Chunnel Love

I had never heard of a “chunnel” before receiving an email from Chris’s future mother-in-law Barb. She knew that we had been losing chickens to hawks, and she had just run across something on the internet describing a chicken tunnel, or chunnel. Might this be a good idea for protecting chickens, she wondered?

Why yes, it was a great idea for protecting chickens, while still giving them the freedom to be outdoors during the day. A chunnel is simply a tube made out of wire fencing that chickens can travel through, but cannot escape. And predators can’t get in, at least in theory.

I quickly set to work designing my chunnel. Turns out there a lots of different chunnel designs on the internet, but none seemed to meet my criteria: simple to build, able to be moved around, and cheap. So I came up with my own design.

I purchased 100 feet of welded wire fencing, five feet in width. I would unroll 50 inches and snip through the wires, and then do it again, and again, until I ran out of fencing. I let the natural curve of the rolled fence form the sides and top of the chunnel, so I ended up with a bunch of 5-foot long chunnel sections that could be stuck into the ground end to end.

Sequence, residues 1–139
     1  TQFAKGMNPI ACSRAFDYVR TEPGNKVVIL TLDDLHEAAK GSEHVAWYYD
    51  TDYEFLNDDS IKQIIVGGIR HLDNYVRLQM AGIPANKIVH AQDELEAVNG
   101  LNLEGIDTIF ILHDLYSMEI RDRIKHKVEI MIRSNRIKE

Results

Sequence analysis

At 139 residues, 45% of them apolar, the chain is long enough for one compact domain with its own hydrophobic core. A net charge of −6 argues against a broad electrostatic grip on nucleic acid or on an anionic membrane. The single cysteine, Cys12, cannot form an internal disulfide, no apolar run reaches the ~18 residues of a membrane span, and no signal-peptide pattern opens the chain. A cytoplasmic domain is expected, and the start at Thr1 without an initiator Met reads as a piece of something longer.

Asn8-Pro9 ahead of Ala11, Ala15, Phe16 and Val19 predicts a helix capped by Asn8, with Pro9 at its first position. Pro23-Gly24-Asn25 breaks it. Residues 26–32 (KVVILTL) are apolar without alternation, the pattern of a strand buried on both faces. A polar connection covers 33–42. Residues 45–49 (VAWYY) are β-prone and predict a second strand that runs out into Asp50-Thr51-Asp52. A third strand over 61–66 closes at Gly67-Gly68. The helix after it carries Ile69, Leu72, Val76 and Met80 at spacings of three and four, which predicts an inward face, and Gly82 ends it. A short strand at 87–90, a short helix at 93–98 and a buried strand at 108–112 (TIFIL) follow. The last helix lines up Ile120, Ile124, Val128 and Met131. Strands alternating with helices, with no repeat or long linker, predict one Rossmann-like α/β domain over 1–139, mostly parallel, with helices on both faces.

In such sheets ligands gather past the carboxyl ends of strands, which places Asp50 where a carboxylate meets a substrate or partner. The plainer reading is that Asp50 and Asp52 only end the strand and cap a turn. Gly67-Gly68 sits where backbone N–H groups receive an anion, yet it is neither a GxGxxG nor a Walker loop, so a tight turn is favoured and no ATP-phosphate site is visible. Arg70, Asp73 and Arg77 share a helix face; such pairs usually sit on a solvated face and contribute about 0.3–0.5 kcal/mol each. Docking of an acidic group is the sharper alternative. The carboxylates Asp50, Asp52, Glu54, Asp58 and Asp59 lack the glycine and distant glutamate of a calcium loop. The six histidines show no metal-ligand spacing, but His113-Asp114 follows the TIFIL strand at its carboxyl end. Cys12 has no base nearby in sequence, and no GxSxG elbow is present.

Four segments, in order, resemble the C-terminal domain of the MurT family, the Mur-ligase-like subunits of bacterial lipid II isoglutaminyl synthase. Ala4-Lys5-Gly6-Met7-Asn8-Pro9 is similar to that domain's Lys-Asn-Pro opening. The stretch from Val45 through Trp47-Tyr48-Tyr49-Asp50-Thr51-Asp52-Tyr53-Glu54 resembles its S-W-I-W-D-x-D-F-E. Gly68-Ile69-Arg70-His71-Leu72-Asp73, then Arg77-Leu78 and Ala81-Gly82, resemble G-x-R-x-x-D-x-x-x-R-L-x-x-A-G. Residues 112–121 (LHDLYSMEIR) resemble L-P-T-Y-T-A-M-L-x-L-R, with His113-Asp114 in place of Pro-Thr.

To make the sections sturdier, and give them more mobility, I zip-tied two 24-inch pieces of pvc pipe cross-wise on the bottom of each chunnel piece. I could line the sections up straight, or give them some bend.

Within a couple of hours I had our chickens out in their new 100-foot long chunnel. (Not quite true: It took me several days to design and build a framed box attaching the chunnel to the chicken coop that would accommodate their chicken door along with access to the space underneath the coop where the chickens like to hang out on hot days.)

I’m pretty sure our feathered friends enjoy their chunnel and feel secure in it. When we walk through the yard, they all come flying through the chunnel to greet us. It is actually fairly humorous.

And it gave me another idea: chicken chunnel races. We have KettleFest coming up on September 26, and so we’ll have an event where the kids can select their chickens and root for them as they run from one end of the chunnel to the other. It should be a gas.